FIG. 7 was analyzed as for FIG. 1(B), but used embryonic kidney cells. There was no TNF exposure. The cells grown in the 96-well trays were derived by dissociation of kidney rudiments from 11 day embryonic rats. Cells were grown in DMEM-BS±epidermal growth factor (at the concentrations indicated)±NAC. The figure demonstrates that at all concentrations of EGF examined, cultures exposed to the EGF+NAC contained more cells than cultures exposed to EGF-NAC.

E. The Effect of NAC and PDGF on the Generation of Precursor Cells and Their Differentiated Progeny.

The effect of NAC on generation of O-2A progenitors and oligodendrocytes was examined in cultures of purified 0-2A progenitors (prepared as in Example IA) exposed to platelet-derived growth factor (PDGF), the best-characterized mitogen for 0-2A progenitor cells. Cells in these cultures were exposed to the indicated amounts of PDGF, and cultures were scored for the total numbers scored for the total numbers of oligodendrocytes and progenitors (as determined by labeling with) anti-GalC and A2B5 antibodies, as in Mayer et al., Glia 8:12-19 (1993). The data demonstrates that the addition of 1 mM NAC to these cultures is associated with a marked increase in the numbers of both progenitors and oligodendrocytes present in the cultures.

______________________________________Amount of PDGF oligos    progenitors______________________________________-NAC 10 ng/ml      134 + 15  227 + 37  1 ng/ml      147 + 28  125 + 330.1 ng/ml      199 + 38  16 + 8+NAC 10 ng/ml      331 + 85  834 + 90  1 ng/ml      476 + 39   626 + 1500.1 ng/ml       339 + 160                    239 + 33______________________________________

F. Rescue of Oligodendrocytes from Apoptosis by CNTF+Vitamin C

Cells were prepared as in Example I(A), except that the initial plating density was 1,000 cells/coverslip. After 3 days in DMEM-BS, the resulting cultures of pure oligodendrocytes were switched to DMEM alone containing 0.5 ng/ml CNTF (a concentration that did not significantly protect cells on its own; see FIG. 4(A)±Vitamin C. After 3 further days of in vitro growth, cultures were analyzed in the same manner as experiments examining oligodendrocyte death induced by exposure to toxic stimuli. (See Example II(B))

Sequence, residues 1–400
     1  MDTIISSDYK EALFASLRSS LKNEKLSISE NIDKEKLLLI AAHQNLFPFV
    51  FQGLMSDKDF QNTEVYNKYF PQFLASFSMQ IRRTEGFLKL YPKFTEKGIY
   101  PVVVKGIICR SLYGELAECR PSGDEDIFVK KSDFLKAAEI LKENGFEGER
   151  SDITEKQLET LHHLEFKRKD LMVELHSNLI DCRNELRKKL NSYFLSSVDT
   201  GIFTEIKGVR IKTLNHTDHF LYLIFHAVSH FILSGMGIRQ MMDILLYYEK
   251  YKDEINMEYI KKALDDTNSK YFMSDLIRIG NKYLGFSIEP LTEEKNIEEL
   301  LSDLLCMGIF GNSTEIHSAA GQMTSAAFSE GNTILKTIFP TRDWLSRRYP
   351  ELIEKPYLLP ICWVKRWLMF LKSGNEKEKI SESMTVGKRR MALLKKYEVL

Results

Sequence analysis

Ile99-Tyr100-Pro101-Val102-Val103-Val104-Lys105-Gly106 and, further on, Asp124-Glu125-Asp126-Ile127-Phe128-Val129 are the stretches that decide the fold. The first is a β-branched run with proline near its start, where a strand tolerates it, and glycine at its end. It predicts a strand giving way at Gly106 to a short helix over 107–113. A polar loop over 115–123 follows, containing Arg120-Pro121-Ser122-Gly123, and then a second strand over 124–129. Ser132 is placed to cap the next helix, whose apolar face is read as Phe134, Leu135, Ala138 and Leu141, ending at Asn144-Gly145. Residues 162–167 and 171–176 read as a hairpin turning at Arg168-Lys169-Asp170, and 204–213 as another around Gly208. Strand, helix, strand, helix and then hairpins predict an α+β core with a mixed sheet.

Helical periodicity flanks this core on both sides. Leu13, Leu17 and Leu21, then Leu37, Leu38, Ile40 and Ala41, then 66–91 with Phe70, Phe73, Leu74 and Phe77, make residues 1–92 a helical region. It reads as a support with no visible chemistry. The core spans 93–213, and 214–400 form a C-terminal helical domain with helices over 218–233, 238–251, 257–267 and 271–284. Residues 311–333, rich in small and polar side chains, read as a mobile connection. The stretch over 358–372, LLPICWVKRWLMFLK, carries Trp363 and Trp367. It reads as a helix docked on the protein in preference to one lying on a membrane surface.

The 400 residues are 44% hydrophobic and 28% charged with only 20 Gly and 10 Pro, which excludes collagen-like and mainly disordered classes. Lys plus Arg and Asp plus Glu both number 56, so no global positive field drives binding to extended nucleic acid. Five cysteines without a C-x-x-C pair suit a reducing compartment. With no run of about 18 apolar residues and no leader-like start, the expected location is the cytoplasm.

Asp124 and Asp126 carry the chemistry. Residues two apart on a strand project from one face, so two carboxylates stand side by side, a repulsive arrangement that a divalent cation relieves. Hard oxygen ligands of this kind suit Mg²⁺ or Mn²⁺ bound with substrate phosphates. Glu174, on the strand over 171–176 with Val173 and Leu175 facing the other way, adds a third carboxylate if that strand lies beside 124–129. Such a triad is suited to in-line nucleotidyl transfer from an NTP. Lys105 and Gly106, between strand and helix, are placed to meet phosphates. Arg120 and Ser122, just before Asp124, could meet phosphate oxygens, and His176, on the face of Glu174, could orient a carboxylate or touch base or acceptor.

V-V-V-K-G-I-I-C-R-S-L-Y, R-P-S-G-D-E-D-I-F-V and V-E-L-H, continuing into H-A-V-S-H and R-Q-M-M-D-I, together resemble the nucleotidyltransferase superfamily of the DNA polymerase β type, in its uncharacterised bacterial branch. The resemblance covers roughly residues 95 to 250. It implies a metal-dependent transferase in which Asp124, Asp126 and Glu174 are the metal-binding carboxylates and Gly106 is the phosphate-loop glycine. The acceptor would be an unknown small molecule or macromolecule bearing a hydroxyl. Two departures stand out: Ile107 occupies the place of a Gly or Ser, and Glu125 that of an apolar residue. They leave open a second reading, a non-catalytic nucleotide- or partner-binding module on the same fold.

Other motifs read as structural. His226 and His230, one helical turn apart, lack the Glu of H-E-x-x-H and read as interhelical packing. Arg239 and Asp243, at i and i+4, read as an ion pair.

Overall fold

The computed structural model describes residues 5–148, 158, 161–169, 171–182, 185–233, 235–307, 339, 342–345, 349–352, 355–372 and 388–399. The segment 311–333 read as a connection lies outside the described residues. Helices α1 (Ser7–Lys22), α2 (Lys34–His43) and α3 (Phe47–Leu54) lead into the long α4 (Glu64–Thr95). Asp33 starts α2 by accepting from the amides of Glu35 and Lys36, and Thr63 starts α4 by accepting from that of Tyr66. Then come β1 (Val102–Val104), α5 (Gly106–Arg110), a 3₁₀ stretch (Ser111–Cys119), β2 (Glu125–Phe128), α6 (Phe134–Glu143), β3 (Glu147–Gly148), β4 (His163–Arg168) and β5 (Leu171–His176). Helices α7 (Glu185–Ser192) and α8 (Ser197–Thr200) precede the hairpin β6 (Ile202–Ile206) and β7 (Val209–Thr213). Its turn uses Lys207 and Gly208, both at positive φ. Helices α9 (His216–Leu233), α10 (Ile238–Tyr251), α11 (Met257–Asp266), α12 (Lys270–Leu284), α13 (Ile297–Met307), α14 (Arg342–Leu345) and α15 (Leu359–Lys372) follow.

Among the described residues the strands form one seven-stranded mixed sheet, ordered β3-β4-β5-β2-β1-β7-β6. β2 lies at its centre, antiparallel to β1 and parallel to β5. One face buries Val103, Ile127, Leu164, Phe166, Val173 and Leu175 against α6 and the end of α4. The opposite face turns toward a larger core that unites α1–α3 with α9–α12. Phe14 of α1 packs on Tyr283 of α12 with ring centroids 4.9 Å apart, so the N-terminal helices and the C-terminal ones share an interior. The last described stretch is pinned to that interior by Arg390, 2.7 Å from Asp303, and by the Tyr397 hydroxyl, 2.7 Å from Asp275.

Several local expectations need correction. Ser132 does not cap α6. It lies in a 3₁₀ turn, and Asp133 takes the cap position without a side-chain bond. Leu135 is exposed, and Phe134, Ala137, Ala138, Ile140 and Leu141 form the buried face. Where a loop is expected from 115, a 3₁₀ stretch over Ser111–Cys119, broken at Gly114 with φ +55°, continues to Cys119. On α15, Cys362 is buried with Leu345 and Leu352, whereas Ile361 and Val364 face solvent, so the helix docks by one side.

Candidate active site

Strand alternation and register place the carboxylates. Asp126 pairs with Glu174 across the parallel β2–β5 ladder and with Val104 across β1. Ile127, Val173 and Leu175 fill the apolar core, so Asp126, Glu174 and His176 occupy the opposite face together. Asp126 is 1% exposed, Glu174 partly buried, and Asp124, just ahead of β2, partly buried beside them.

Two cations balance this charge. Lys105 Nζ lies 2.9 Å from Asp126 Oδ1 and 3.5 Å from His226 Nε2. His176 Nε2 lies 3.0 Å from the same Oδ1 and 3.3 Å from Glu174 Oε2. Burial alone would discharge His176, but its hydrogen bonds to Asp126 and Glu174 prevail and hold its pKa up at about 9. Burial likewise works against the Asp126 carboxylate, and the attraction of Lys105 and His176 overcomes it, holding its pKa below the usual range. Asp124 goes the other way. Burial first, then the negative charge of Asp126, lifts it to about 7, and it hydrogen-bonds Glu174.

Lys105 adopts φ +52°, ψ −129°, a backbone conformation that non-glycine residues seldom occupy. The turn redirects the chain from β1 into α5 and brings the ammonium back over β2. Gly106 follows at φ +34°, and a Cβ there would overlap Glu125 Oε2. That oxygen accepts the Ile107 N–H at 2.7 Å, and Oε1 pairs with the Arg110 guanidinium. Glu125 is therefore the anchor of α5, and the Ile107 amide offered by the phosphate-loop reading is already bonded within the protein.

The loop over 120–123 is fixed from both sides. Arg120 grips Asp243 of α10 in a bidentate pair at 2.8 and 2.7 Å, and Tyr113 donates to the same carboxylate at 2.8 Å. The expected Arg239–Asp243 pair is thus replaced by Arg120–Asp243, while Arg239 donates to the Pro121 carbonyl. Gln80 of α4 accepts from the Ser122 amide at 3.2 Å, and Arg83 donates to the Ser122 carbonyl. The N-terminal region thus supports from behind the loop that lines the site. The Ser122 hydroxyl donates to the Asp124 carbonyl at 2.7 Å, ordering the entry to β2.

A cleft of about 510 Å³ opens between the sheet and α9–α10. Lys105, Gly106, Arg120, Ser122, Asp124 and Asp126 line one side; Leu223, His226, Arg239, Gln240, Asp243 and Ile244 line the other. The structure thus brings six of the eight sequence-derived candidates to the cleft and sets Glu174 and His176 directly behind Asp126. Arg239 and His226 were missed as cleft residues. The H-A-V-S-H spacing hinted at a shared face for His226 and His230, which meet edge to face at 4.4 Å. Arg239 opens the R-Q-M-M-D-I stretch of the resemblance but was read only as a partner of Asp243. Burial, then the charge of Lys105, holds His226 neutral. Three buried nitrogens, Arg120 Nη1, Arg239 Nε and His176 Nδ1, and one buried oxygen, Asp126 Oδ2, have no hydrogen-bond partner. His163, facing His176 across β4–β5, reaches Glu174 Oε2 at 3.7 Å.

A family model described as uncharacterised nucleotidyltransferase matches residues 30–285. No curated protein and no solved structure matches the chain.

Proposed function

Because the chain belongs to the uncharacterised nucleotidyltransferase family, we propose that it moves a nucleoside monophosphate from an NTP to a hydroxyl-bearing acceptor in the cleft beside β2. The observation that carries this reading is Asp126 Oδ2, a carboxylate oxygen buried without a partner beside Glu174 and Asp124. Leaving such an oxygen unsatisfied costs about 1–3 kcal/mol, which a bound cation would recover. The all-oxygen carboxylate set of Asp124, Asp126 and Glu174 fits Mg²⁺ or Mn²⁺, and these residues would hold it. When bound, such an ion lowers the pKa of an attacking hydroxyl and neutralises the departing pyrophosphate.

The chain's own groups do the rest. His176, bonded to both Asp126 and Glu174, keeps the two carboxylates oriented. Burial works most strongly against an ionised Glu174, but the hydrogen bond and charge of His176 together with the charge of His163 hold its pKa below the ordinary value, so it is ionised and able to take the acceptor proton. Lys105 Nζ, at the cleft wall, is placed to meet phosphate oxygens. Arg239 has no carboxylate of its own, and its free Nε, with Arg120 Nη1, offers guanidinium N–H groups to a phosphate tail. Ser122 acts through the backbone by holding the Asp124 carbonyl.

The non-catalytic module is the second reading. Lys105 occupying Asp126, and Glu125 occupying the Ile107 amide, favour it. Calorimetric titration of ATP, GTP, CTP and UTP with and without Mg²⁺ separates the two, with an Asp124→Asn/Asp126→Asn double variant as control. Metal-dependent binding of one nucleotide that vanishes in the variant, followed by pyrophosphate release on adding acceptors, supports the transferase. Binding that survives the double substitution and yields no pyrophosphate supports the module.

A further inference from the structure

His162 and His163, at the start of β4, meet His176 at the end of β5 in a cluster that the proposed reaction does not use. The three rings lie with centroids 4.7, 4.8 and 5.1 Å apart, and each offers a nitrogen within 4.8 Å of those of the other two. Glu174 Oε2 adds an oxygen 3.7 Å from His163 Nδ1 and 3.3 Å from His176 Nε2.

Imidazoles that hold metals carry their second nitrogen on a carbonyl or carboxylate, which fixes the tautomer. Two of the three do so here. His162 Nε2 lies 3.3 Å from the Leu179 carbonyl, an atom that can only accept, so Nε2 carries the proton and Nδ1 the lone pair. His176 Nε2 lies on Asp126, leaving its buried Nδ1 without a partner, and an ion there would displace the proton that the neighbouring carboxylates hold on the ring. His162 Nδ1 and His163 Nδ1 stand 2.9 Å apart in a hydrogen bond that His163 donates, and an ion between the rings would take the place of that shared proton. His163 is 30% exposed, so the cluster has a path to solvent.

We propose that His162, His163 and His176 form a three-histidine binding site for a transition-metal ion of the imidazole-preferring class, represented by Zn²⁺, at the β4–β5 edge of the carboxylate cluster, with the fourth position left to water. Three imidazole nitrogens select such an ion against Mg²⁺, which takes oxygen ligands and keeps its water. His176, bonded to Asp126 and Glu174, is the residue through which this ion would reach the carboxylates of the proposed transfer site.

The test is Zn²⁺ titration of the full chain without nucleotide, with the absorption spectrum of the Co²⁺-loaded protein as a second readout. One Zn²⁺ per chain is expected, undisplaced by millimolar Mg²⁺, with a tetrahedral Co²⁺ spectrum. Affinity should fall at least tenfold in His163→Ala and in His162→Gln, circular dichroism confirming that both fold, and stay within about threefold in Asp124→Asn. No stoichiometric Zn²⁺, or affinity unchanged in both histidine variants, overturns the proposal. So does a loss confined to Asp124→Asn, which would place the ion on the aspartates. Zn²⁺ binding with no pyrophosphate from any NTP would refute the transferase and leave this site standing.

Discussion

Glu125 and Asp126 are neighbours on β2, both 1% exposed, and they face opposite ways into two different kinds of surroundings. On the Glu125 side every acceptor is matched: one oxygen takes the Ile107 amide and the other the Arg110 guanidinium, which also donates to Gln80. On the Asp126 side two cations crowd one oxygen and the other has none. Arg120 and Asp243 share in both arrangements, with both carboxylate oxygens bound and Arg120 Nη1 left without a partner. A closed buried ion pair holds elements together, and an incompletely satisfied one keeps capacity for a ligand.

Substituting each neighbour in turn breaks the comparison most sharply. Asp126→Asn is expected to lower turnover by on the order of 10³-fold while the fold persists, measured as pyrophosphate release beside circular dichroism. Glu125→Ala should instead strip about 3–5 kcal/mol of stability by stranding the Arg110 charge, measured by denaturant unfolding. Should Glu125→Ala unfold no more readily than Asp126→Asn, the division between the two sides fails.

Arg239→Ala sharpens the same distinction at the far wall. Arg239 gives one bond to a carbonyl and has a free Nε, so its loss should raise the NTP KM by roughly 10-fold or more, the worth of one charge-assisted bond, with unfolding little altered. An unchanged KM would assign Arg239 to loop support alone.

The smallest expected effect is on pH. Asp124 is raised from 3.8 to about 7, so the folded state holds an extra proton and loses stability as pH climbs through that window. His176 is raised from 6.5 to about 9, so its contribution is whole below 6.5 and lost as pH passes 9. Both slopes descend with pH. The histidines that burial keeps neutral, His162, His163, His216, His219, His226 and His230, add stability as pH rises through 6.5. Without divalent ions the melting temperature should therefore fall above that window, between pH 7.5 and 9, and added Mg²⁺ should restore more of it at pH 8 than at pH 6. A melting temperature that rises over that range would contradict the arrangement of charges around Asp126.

As demonstrated in FIG. 8(a), the application of CNTF and Vitamin C together was associated with highly significant (**) increases in the extent of survival observed (see also FIG. 10. Values shown are means±SEM for quadruplicate coverslips from one of two experiments, both of which yielded similar results.

G. Rescue of Oligodendrocytes from Apoptosis by CNTF+Trolox

Cells were prepared as in Example I(A), except that the initial plating density was 2,000 cells/coverslip. After 3 days in DMEM-BS, the resulting cultures of pure oligodendrocytes were switched to DMEM alone to which was added 0.5 ng/ml CNTF±Trolox. After 3 further days of in vitro growth, cultures were analyzed in the same manner as experiments examining oligodendrocyte death induced by exposure to toxic stimuli. (See Example II(B))

As demonstrated in FIG. 8(b), the application of CNTF and Trolox together was associated with highly significant (**) increases in the extent of survival observed (see also FIG. 10 and FIG. 4). Values shown are means±SEM for five coverslips from one experiment.

H. Rescue of Oligodendrocytes from Apoptosis by NAC+Progesterone